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Memorial Day

Discussion in '2006 Archive' started by Squire Robertsson, May 29, 2006.

  1. Squire Robertsson

    Squire Robertsson Administrator

    Jul 4, 2000
    Likes Received:
    I wrote this five or so years ago for another list. But it still has some truths for my non-US readers here.
    A few Novembers ago at Remembrance/Veteran's Day, a small snit developed between myself and some of my Canadian comrades on another list. They took umbrage when I pointed out that down here 11 November is the day we honor our living veterans. Memorial Day being the day (at least in my home town) we honor our war dead and fallen comrades and recite "Flanders' Field". A remark was made about you (war loving)Yanks needing two days (for your war memorials).

    Memorial Day was started in the Spring of 1866. In researching the matter, I found memorial ceremonies and the decoration of the graves of the war dead sprang up in diverse places in both the North and the South that year. Mind you this would be just year after Appomattox Courthouse and the South’s surrender. For many years it was called Decoration Day and until 1971 celebrated on 30 May.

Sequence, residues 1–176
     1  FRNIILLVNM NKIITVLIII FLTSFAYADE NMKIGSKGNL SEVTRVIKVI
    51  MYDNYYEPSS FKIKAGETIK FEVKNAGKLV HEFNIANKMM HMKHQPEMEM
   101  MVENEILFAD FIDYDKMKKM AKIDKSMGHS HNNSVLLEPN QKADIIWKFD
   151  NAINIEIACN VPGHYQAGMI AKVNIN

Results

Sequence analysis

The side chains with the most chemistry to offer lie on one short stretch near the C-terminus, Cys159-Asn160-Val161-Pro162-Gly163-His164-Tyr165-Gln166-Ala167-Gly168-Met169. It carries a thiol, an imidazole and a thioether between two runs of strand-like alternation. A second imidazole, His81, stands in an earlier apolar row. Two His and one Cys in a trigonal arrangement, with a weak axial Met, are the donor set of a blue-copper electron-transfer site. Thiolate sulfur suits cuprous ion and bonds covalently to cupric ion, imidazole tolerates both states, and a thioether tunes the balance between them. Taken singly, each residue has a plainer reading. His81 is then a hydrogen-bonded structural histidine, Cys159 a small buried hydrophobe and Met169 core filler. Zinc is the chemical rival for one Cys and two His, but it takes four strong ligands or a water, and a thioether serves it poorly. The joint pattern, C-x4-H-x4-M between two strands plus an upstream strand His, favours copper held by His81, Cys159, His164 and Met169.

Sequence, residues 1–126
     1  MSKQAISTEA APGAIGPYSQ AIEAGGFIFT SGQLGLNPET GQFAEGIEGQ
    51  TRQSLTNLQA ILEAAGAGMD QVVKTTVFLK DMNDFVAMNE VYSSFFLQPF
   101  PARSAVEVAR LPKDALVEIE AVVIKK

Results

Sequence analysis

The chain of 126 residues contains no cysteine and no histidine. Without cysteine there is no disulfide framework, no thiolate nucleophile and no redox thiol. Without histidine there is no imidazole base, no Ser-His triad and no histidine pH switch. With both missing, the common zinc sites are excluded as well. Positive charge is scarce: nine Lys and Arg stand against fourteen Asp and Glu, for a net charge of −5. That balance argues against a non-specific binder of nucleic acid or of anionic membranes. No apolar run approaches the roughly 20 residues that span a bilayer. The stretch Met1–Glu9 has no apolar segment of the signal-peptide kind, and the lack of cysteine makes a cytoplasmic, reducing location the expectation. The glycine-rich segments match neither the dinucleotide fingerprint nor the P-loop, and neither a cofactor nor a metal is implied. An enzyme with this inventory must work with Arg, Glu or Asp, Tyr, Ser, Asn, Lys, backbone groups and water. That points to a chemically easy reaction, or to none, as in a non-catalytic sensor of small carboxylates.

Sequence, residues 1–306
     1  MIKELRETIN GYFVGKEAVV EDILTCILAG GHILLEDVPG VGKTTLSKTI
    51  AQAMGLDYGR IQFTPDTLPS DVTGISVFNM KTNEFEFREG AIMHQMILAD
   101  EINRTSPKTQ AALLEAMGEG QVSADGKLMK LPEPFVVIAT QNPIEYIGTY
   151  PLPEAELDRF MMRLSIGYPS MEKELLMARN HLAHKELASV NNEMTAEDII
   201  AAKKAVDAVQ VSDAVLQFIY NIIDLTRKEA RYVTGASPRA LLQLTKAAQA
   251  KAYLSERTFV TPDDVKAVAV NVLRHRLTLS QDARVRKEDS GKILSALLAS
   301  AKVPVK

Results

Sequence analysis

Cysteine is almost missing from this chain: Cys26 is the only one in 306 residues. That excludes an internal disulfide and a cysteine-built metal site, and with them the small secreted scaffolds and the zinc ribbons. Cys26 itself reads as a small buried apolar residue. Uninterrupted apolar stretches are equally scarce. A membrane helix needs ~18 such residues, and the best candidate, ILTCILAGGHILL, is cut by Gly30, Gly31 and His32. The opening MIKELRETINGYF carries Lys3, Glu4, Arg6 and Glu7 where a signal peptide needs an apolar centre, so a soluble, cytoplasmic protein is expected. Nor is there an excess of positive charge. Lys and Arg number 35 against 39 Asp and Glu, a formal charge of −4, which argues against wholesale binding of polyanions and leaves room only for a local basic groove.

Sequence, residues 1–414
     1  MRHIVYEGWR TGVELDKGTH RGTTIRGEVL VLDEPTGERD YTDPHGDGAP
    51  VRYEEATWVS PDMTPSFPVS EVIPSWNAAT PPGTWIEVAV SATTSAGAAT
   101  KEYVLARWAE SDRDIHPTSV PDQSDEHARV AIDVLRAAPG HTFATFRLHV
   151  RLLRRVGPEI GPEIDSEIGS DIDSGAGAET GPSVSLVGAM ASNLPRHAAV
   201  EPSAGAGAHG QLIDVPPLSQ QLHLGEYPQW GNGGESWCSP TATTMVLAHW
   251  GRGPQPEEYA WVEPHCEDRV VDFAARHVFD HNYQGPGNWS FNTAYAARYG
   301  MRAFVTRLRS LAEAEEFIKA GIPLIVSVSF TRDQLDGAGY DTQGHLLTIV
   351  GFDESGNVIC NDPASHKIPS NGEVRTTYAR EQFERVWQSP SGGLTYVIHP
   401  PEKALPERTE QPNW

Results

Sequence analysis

Our returning 1918 veterans celebrated 11 November as a day of rejoicing that they survived the War. They came home to a nation which for 52 years had memorialized its dead every Spring. In fact, we honored our fallen in May, 1919 six months before the first anniversary of the Armistice.

    The following are some facts I gleaned from Encarta online. “The North placed roughly 2.2 million men in uniform (180,000 of them blacks), of whom 640,000 were killed, wounded in battle, or died of disease. Of the 360,000 Northern soldiers who died, two-thirds perished from illnesses such as dysentery, diarrhea, measles, malaria, and typhoid.” “Casualties in
    Confederate forces are more difficult to estimate, but they probably approached 450,000 out of approximately 750,000 to 850,000 Confederate soldiers. Of these it is estimated that more than 250,000 died. The proportion of battlefield deaths to deaths by disease was probably the same as in the Northern Armies.”

    “Total deaths thus exceeded 600,000, and the dead and wounded combined to total about 1.1 million. More Americans were killed in the Civil War than in all other American wars combined from the colonial period through the later phase of the Vietnam War (1959-1979).”

    #1 Squire Robertsson, May 29, 2006
    Last edited by a moderator: May 29, 2006